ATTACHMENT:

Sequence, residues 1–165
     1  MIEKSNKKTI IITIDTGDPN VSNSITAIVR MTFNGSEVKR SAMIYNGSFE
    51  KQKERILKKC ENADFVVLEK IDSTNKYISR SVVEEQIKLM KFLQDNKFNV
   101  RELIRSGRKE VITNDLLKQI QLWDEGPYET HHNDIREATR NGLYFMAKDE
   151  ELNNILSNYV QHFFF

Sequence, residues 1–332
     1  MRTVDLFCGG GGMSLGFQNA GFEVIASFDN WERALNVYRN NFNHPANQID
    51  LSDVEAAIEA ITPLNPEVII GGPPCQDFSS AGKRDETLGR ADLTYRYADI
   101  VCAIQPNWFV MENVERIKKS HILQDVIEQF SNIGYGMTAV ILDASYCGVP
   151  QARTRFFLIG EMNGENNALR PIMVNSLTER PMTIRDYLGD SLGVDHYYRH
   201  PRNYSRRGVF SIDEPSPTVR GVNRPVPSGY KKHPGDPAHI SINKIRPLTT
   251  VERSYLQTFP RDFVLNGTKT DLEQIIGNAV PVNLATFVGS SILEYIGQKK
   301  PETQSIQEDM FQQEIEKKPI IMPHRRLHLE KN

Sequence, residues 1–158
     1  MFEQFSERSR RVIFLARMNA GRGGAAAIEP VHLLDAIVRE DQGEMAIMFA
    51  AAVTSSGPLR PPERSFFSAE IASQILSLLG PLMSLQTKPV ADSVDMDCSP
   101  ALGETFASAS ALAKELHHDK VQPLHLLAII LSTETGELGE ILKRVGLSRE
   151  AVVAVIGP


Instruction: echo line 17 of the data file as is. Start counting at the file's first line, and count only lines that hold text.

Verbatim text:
   101  ALGETFASAS ALAKELHHDK VQPLHLLAII LSTETGELGE ILKRVGLSRE